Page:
Is regionalism just a lifestyle that can be seen as
the result of increasing uncertainty (9-11, Bird-flu,
- Not only. But it’s a part of the truth. We want home to be
How can you combine design together with Skåne
and “skånsk” regionalism?
- It’s about finding and using the unique. Skåne is still
searching after its unique design soul. It has been done
and it’s still done: design of Skåne nervously stare
towards Denmark, but now it’s time to pick up the uni-
queness of Skåne. Materials of Skåne, architecture of
Skåne, boldness of Skåne, country people textile, natural
beauty… The one that will be first with unique expres-
sions around this wins.
Mattias Hansson, editor of Magasin Skåne
Question what’s going on, and question your own daily
activity! Do you really do what you want to do? Do you act
the way you want to act? Will you go on in the
accelerating “hamster wheel”? Or do you have the will and
courage let go of career, status symbols or what ever it is,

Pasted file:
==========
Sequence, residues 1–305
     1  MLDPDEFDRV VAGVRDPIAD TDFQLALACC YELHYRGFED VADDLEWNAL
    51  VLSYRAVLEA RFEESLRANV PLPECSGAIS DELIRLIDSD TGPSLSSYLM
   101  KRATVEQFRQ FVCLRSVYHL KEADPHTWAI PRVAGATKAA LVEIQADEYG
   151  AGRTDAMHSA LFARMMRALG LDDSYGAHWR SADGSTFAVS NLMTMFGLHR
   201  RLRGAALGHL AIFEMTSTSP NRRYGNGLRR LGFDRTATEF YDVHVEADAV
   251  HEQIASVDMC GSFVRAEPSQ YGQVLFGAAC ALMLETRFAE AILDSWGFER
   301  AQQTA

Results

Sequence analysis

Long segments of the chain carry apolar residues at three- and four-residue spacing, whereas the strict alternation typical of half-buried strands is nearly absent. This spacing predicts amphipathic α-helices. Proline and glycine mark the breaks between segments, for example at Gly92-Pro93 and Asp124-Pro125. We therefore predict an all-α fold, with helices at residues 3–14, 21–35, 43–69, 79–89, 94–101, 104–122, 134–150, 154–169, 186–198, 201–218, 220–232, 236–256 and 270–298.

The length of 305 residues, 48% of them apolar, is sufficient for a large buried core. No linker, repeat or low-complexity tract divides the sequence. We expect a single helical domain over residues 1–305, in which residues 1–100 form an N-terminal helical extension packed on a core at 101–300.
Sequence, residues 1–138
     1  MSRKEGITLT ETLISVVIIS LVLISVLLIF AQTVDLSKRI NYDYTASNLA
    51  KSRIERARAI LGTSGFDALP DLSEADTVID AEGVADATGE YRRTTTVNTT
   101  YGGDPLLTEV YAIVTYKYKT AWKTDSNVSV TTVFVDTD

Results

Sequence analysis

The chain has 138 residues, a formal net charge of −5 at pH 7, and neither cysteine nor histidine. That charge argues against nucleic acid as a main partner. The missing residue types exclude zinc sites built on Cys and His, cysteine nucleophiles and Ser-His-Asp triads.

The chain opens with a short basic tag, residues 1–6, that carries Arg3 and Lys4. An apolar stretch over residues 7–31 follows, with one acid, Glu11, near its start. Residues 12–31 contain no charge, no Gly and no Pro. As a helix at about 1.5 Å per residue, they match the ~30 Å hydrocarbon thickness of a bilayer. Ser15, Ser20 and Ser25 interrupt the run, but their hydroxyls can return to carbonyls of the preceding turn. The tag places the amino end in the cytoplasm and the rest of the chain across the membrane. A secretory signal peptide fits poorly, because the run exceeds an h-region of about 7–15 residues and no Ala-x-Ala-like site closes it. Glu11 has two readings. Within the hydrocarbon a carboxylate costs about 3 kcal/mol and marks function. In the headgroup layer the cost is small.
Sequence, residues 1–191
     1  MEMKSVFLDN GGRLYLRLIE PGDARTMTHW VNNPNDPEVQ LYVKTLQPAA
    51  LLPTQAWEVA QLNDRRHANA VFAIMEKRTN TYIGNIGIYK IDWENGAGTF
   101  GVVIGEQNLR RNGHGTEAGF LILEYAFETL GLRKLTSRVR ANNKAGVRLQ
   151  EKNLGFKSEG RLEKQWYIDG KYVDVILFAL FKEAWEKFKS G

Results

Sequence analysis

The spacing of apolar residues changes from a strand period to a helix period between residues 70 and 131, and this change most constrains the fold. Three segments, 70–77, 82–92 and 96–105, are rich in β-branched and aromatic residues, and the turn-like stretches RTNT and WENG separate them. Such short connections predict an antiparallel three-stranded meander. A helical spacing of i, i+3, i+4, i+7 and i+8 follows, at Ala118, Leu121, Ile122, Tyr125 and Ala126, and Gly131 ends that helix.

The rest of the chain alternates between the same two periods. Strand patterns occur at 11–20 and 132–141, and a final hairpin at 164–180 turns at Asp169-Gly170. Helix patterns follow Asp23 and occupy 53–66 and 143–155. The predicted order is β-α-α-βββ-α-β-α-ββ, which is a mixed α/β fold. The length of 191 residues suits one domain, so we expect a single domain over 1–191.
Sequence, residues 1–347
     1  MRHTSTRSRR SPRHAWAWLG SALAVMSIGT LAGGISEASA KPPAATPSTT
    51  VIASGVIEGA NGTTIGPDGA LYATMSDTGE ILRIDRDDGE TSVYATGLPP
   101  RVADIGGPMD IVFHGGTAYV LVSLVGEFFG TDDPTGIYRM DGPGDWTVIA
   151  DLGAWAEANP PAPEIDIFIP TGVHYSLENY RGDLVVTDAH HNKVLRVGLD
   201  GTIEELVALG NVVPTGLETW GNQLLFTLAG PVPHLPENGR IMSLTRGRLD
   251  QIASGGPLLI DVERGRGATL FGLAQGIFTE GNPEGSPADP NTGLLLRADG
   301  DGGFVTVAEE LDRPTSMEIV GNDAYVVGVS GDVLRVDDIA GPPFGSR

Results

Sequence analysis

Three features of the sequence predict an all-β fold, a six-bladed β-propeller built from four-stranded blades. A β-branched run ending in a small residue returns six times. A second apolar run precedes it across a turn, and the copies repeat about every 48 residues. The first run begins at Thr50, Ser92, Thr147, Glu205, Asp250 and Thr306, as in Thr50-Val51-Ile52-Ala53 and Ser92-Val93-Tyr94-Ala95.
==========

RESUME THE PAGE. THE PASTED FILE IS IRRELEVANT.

to join a future way to live already today?
Good life is a wide description; everybody has a
vision of it. We see a future of local power, local food and
local commodities; all this will build a local identity and
become a supreme local brand. This is the new way to
compete; away from mainstreamisation, less environme-
ntal pollution, less transports, better and more qualitative
And we see great opportunities in this new way. The glo-
bal brands must re-think and start to adapt a
creative regional thinking instead of the predictable
smoothed-out and worn-out global behaviour that is domi-
We think it would be very interesting to see a
unique regional version of “What-ever-international-
branded-hotel” in Budapest, Berlin or Buenos Aires. Whe-
re the brand name will communicate the promise about
quality and service, but with local design and production.
We do also want to see regional versions of global luxury
Sadly we see things happening the other way
around as well. One recent example is the superb furni-
ture store Svenskt Tenn (www.svenskttenn.se) in Stock-
holm (which holds mostly Josef Frank designs) that just
opened a new branch at Liberty in London. According to
us, the magic and the power of a supreme regional brand
are lost as soon as it starts to multiply.
Choose life. Choose the good life. Choose
the good supreme regional life.
”Red” bar in Shibuya, Tokyo.